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Stuck in Rebecca’s Suitcase #1: Adventure in the Capital

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VOX staffer, Rebecca takes us along her travel adventure this summer. This is the first in a series. Rebecca, 16, hopes to inspire teen readers around Atlanta to travel the world and take in all of its wonders.

On Friday, May 27, at precisely 5:30 p.m., my family embarked on a three-week odyssey. I chose the word “odyssey” (besides the fact that our car is a Honda Odyssey) because it would be an understatement to call this trip just a vacation, for all of our end-of-school year family trips are more like epic journeys, and I am above excited to bring all of you with me.

Our first destination was our country’s capital, Washington D.C. After a long, two-day car ride filled with phrases such as “are we there yet?” and “I need to go pee!” the five of us finally arrived to a very hot and humid city. It felt as though we had driven south from Atlanta instead of north, but we were very lucky because all of us packed shorts.

I had been to Washington D.C once before with my eighth grade class. With this prior trip in mind, I was confident I knew where all the monuments were located and in what direction the White House was (since the only thing my brothers were interested in seeing was the “big white house where the president lives”).

To my surprise and disappointment, I remembered absolutely nothing about directions and where to go. It seemed the city had switched its coordinates just to lead me astray. Thank goodness my dad possesses a talent for directions, so my lack of navigation skills was forgiven.

On this hot sunny day in D.C, everyone on the streets was trying to find some indoor amusement to revel in the frosty aura of air conditioning. My family chose the Museum of Natural History. My seven-year old brother was super excited, for he was convinced that there would be live dinosaurs.

We  spent many hours looking at the fossils, live tarantulas and butterfly gardens. Later in the day, we strolled around the many monuments around the White House. Grasping at the fence surrounding the White House, my brothers were trying to look through every window to see if they could catch a glimpse of Barack Obama.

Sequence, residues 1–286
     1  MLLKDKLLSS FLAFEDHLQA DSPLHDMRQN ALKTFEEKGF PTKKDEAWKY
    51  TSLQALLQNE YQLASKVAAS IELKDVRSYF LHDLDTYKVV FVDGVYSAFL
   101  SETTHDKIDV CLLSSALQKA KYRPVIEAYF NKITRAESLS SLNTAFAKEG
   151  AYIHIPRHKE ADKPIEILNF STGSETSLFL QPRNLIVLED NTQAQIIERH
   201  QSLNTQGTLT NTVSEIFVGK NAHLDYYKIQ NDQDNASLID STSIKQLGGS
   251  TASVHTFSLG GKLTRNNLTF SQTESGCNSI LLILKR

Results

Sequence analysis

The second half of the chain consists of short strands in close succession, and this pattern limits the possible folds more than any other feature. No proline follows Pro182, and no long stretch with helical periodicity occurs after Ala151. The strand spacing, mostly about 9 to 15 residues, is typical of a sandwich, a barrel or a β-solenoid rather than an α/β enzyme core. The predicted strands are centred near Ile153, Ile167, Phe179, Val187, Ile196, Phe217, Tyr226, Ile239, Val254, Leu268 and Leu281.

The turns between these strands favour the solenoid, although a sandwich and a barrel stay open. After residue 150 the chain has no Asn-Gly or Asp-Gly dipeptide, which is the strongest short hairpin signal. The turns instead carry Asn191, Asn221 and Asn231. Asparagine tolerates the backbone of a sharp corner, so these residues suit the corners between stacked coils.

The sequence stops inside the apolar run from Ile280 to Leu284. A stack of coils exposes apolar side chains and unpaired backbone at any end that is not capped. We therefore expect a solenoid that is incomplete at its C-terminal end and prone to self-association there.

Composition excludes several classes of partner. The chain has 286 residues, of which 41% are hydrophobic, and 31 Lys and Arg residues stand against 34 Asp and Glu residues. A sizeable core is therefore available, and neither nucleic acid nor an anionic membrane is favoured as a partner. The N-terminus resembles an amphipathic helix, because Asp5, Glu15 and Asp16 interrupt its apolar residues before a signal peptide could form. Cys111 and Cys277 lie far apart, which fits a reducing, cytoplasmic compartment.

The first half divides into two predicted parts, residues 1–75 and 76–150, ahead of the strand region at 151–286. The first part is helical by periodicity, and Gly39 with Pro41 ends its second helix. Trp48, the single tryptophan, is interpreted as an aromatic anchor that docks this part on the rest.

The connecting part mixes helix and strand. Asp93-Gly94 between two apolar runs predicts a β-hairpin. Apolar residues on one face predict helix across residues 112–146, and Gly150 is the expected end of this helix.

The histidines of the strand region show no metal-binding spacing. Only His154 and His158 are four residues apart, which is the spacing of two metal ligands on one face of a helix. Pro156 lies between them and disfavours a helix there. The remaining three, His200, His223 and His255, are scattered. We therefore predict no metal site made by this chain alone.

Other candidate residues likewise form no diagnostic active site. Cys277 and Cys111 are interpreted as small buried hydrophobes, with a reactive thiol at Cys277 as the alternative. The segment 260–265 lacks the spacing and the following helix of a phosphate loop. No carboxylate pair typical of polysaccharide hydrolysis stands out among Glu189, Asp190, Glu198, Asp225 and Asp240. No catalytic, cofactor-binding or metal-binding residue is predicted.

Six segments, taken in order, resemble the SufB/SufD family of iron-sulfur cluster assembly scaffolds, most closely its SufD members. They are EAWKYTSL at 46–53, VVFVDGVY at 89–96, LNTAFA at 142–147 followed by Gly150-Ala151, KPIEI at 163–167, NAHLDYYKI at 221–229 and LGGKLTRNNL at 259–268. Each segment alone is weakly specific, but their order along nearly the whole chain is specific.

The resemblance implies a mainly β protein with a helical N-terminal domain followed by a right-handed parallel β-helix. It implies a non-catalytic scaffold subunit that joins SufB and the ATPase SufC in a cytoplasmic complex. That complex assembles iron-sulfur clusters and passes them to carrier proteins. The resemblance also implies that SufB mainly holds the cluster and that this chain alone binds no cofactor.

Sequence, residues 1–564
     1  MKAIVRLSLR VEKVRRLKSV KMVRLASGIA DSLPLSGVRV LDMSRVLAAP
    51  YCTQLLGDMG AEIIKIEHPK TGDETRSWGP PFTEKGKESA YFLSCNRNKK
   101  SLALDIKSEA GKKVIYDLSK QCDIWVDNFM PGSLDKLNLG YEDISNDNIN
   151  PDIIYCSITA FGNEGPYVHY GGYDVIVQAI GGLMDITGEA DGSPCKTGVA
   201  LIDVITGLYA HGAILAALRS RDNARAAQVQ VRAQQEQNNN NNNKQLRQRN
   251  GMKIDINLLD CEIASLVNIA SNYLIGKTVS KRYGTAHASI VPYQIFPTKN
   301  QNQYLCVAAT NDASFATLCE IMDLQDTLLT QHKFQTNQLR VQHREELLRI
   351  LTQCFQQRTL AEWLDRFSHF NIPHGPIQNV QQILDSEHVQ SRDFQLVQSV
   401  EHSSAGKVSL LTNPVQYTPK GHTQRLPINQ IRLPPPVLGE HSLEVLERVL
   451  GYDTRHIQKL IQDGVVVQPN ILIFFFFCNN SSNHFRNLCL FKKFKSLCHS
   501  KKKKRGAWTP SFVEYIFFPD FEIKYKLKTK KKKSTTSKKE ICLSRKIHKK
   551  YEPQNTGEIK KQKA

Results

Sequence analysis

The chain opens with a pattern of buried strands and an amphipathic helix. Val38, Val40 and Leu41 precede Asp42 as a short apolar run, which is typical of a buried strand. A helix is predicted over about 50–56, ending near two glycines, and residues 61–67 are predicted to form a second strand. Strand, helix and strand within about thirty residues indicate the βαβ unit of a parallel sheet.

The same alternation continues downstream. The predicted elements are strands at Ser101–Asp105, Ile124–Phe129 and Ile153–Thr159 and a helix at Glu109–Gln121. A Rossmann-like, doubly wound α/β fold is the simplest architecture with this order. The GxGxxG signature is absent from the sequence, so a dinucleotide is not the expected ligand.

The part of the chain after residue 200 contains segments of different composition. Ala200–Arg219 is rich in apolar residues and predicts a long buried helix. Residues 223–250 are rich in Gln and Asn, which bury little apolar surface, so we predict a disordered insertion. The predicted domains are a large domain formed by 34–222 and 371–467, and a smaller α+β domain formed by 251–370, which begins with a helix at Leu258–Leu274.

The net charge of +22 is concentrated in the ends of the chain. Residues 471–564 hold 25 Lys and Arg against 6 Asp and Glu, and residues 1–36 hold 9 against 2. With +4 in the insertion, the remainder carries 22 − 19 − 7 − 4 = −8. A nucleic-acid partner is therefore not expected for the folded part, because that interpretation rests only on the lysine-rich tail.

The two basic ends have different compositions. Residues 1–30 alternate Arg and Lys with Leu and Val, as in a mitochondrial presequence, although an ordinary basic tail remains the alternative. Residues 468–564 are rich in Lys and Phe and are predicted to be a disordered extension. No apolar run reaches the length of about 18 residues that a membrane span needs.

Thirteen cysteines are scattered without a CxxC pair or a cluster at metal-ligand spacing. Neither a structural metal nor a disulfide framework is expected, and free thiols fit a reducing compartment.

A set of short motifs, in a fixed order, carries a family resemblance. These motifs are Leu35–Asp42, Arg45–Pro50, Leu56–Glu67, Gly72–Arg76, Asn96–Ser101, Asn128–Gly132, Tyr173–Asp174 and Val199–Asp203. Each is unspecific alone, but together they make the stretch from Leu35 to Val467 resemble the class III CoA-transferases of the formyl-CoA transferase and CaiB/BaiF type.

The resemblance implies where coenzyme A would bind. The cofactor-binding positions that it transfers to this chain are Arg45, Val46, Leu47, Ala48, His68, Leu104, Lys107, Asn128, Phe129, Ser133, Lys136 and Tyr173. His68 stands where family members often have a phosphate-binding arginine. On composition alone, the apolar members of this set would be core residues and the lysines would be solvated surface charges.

Koren Memorial
The quote on the stone wall of the Korean memorial reminds us that freedom does not come easily.

 The monuments — such as the Lincoln, Jefferson, Korean War and the Washington monuments — were just as spectacular and impressive as in their pictures. The monuments that were on the other side of the National Mall such as the Korean and Vietnam Memorials, serve as a constant reminder that “freedom is not free.”

It felt so exhilarating to be walking along the same grounds where so many events that shaped our country occurred and to be in the city that was named the capital in our Constitution by our founding fathers like Alexander Hamilton and Thomas Jefferson. It was also nice to spill out a few facts I learned from the rigorous U.S. history classes at school, which occasionally impressed my parents.

We ended our stay by visiting the Capitol building, which overlooks all of the city. I decided to use the picture of the capitol building as the main photo of this blog because I realized that the First Amendment that gave us the right to free speech and press originated in this very building. Without this right, the teens at VOX would not be able to publish such personal, exciting and inspiring stories. They would not be able to express their opinions on the world and society and try to change the world for the better by publishing captivating pieces. My stay in Washington D.C. has been both intriguing and thrilling.

I cannot wait to bring you to my next destination. My hint for you is that the name of the city is often associated with a delicious fruit that can be picked in the fall. Stay tuned!

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